Student Placement - UCB

Violet Barton - UCB


What motivated you to pursue a placement year, specifically in your chosen role and in the pharmaceutical industry?

I had never had a proper job before university, so I was aware that I would otherwise be leaving university to go into an office job with no idea of what that was like. I also had no idea of what I actually wanted to do outside of ‘just maths’, so a placement year was a great opportunity to give myself experience in one industry and to figure out whether I could do it every day for the foreseeable future. As a Mathematics student I thought of finance and statistics as my main options, and stats appealed a lot more to me than finance, so those are the sort of roles I looked for. I chose the pharmaceutical industry because it has a true impact on the community and can change people’s lives for the better. I knew that in some way my work could contribute to getting safe and efficacious drugs onto the market.

[UCB] Violet Barton_headshot

How did your placement year contribute to your personal and professional growth?

During my placement I have been to two PSI conferences which I only learned about through my company, where I have been able to network with other placement students and more senior people in the pharmaceutical industry. I have learned to program in SAS on placement, and I have had the opportunity to do many exciting things I might not even be able to as an actual biostatistician such as coordinating a device pilot and presenting to cross-functional teams. I may also be able to visit UCB’s HQ in Belgium which I organised with my fellow placement students.
Doing a placement year has also made me far more confident. I can present in front of audiences and explain my findings to colleagues with far more experience than me, much better than I could in my first years at university. I am more aware of workplace culture and interact with my colleagues as an employee rather than a student. The year has prepared me for a 9-to-5 job and has improved my time management and how I handle pressure.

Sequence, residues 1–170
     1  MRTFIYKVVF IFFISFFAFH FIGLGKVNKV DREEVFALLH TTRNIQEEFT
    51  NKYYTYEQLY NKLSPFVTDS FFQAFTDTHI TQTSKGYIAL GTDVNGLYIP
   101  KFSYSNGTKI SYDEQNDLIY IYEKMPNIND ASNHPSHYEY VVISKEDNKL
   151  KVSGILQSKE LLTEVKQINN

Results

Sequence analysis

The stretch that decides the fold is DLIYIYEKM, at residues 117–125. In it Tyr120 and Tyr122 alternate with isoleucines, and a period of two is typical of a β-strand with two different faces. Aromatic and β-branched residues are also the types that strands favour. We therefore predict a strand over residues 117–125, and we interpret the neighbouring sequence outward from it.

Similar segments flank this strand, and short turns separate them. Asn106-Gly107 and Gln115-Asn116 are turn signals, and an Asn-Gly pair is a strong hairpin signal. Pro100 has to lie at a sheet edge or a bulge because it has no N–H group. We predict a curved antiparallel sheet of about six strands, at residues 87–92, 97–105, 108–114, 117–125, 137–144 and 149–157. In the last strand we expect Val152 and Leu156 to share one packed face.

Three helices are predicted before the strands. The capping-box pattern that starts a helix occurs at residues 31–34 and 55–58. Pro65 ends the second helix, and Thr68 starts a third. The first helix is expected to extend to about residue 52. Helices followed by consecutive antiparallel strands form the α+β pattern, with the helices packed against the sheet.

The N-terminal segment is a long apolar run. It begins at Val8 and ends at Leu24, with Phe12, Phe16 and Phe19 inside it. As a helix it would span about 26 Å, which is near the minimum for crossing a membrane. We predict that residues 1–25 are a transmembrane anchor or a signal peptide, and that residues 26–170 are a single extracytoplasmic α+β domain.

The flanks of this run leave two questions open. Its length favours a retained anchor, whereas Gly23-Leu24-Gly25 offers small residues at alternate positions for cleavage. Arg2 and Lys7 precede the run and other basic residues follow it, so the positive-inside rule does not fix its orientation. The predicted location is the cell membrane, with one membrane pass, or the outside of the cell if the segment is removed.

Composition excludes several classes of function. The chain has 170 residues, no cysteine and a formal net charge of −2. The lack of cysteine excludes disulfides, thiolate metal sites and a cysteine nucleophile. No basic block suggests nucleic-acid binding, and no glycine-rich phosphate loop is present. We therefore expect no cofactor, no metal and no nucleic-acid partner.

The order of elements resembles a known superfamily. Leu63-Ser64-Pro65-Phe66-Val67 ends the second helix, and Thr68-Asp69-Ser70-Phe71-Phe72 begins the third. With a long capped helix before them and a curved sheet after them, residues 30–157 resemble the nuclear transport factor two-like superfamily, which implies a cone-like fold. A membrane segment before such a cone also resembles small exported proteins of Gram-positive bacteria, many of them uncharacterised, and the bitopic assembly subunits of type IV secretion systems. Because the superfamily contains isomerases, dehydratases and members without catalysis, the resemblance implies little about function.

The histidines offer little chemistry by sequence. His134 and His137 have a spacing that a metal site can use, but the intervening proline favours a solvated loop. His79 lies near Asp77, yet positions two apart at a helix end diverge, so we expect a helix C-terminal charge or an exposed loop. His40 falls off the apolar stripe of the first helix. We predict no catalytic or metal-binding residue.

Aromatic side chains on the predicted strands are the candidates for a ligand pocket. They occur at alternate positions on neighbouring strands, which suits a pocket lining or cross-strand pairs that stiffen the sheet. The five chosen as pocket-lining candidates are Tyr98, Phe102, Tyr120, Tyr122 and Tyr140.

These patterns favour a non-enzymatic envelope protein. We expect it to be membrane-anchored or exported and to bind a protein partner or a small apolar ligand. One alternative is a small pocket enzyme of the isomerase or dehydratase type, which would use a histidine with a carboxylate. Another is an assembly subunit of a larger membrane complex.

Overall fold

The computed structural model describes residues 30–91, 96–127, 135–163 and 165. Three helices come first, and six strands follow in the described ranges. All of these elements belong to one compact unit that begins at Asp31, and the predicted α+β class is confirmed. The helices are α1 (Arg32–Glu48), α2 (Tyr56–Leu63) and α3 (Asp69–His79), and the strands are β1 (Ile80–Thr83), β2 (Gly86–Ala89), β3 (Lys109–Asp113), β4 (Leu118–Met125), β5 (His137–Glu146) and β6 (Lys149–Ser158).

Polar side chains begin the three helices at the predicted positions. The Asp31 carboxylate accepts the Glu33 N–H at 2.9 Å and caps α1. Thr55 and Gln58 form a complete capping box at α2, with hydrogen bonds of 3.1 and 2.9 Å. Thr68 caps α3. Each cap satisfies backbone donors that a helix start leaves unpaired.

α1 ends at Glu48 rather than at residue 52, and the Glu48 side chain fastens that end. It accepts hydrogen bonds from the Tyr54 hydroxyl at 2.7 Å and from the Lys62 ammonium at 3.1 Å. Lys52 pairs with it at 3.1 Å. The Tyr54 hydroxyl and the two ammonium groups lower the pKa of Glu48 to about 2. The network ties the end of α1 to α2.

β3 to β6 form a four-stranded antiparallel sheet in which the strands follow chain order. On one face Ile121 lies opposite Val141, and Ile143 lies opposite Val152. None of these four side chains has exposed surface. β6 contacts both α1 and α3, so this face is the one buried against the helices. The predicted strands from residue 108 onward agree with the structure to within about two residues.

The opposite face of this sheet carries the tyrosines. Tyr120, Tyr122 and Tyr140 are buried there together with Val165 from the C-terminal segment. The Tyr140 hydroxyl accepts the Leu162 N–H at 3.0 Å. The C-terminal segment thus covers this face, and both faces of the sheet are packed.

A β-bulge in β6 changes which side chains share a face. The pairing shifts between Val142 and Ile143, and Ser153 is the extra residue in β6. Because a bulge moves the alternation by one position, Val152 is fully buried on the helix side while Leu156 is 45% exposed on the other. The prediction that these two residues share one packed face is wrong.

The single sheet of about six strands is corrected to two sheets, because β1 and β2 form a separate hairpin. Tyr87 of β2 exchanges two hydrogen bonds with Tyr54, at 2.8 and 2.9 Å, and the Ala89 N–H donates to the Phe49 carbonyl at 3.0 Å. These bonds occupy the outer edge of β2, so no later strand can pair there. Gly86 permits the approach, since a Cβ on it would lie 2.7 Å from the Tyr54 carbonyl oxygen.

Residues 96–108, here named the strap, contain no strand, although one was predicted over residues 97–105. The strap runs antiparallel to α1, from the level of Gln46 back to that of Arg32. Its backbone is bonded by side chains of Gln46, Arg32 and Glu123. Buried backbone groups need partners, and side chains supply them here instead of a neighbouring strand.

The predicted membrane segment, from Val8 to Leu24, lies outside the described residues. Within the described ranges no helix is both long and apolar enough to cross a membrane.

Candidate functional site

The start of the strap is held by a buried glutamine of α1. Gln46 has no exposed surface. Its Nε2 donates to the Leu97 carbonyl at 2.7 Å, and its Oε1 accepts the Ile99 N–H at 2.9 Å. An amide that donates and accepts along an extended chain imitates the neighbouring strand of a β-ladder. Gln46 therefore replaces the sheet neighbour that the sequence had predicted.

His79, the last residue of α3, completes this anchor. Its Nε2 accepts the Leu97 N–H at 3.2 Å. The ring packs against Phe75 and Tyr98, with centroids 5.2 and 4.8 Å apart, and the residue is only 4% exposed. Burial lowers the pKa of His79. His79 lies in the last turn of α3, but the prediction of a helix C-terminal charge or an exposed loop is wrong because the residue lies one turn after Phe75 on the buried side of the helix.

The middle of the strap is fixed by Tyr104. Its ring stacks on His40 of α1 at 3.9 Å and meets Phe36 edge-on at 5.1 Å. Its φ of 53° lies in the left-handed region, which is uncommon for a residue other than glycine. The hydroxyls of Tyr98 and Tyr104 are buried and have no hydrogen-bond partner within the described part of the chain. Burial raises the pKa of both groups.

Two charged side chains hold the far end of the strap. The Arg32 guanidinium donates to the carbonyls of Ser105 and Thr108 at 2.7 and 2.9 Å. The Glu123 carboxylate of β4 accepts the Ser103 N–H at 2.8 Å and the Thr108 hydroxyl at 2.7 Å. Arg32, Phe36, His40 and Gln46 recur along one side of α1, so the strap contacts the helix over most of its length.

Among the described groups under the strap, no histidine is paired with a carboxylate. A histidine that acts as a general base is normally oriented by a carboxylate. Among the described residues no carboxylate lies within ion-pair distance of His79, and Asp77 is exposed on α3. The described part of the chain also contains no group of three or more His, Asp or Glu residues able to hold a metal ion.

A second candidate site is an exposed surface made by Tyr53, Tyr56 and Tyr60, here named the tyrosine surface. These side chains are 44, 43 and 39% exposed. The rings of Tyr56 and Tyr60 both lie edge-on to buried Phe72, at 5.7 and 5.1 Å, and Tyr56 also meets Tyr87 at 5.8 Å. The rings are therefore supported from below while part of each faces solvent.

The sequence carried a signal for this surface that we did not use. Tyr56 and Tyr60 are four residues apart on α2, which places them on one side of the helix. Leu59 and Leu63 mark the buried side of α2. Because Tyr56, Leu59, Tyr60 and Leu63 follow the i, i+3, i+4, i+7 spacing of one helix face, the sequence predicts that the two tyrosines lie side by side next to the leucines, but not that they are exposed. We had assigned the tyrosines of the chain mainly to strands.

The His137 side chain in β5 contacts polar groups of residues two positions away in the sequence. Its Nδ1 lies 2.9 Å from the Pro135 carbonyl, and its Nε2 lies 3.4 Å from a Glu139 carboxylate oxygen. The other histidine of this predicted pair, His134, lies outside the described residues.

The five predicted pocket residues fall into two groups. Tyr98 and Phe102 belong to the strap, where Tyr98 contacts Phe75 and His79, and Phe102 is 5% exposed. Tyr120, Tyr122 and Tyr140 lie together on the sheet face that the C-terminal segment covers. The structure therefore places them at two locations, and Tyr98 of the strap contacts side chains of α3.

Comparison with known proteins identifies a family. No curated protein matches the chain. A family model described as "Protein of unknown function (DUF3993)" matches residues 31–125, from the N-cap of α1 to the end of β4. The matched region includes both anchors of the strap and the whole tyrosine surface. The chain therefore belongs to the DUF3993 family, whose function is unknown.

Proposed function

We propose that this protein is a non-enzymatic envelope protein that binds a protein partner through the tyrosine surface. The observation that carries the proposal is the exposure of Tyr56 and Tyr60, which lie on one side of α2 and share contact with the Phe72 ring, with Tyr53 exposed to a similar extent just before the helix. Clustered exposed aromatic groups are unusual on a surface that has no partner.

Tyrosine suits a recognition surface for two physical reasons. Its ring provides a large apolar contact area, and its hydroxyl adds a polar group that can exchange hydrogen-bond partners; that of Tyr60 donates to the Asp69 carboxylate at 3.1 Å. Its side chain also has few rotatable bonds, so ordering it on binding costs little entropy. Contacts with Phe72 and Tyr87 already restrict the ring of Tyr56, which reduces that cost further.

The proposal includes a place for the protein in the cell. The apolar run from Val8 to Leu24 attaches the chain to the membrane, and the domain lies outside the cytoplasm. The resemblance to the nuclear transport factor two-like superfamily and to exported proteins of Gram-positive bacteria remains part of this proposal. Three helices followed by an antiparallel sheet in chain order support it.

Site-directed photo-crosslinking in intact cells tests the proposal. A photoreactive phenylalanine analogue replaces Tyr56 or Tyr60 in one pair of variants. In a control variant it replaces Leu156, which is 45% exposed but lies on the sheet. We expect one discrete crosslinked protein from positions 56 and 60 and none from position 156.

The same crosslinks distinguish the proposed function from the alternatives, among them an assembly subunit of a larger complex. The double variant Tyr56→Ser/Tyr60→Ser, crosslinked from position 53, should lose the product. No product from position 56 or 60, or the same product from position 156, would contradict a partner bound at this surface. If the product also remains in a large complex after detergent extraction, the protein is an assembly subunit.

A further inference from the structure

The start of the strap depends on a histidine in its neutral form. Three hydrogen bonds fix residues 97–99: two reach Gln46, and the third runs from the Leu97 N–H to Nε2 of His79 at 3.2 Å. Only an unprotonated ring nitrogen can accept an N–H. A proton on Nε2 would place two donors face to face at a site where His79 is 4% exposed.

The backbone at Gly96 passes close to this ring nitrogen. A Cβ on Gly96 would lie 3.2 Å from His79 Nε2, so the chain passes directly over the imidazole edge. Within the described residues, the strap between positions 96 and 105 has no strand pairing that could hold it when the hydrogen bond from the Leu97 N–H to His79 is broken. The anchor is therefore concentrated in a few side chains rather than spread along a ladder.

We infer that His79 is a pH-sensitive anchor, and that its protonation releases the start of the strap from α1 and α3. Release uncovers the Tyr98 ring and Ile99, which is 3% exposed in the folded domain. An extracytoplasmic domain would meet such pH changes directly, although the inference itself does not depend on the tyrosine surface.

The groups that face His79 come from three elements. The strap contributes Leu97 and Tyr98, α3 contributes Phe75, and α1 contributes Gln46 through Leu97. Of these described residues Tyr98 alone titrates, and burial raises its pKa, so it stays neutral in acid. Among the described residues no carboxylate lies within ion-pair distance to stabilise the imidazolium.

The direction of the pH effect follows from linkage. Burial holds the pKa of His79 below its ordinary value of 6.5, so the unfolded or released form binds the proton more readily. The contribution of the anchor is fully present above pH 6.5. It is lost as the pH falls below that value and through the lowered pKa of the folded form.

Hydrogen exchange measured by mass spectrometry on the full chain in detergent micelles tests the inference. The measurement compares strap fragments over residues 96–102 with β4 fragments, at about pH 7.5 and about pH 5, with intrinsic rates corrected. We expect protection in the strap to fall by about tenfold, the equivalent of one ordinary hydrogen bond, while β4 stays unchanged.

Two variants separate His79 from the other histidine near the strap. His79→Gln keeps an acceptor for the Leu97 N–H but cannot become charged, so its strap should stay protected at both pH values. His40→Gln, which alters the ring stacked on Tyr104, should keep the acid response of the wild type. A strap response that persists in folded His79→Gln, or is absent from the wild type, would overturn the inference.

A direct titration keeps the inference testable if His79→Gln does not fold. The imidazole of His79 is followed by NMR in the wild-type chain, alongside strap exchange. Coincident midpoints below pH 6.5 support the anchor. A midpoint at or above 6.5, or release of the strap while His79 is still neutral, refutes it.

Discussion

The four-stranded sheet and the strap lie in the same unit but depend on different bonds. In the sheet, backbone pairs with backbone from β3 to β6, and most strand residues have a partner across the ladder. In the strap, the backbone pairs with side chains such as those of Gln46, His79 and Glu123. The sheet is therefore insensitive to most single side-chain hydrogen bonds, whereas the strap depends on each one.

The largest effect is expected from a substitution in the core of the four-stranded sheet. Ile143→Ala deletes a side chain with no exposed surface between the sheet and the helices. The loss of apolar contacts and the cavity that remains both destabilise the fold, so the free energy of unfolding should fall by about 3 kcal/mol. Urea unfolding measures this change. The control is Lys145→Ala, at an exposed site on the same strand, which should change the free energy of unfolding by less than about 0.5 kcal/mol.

What was your typical day like on placement: what tasks did you perform, who did you work with?

The time of the workday is relatively flexible: I tend to do my 9:00-5:30 instead between 8:30 and 5. A typical day would centre around programming in SAS (developing or validating tables and listings) and R (visualising and analysing data). I have also worked on multiple device pilots: throughout these I have tested devices, created presentations to educate people on the pilots and of course analysed and visualised the data. Programming usually involves discussing with a small group of people on the team for a particular study; this group may include statisticians, programmers and sometimes scientists. My work on pilots has mostly been with a team based in Belgium with expertise in medical devices and biosensor analytics. I also have a UK-based supervisor working in preclinical statistics; with his team I get to see data from the early stages of a compound’s story and work on innovative R Shiny apps.

How has your placement experience shaped your future plans after completing your undergraduate degree?

Before placement I had no idea what I wanted to do once I finished my undergraduate degree. After a few months working, I already knew that I wanted to follow this role into a career. I have explored options such as studying a Medical Statistics Master’s degree, joining a CRO (Contract Research Organisation) as a programmer straight away after finishing my degree or trying to find a part-time apprenticeship. I have a much better idea of what I want to do next thanks to my placement. I have networked with people not only from UCB but other pharma companies so I also have an idea of companies I can apply for once I have the relevant qualifications.

Do you have any tips for students thinking of doing a placement year?

Honestly, go for it. Applying for placements can take up a lot of time in second year, but don’t be disheartened if you don’t get the first one or two you apply for. There are so many out there and the number of places is increasing each year… and if I hadn’t been turned down by the first couple of placements I applied to, I never would have got the role that I’ve loved this past year. Get involved in anything you can to meet employees you don’t work with: I joined the board games group and got to meet many colleagues across different areas of the company. Treat placement as a year of the real job and make the most out of it; seek out opportunities to connect with colleagues and learn new skills.


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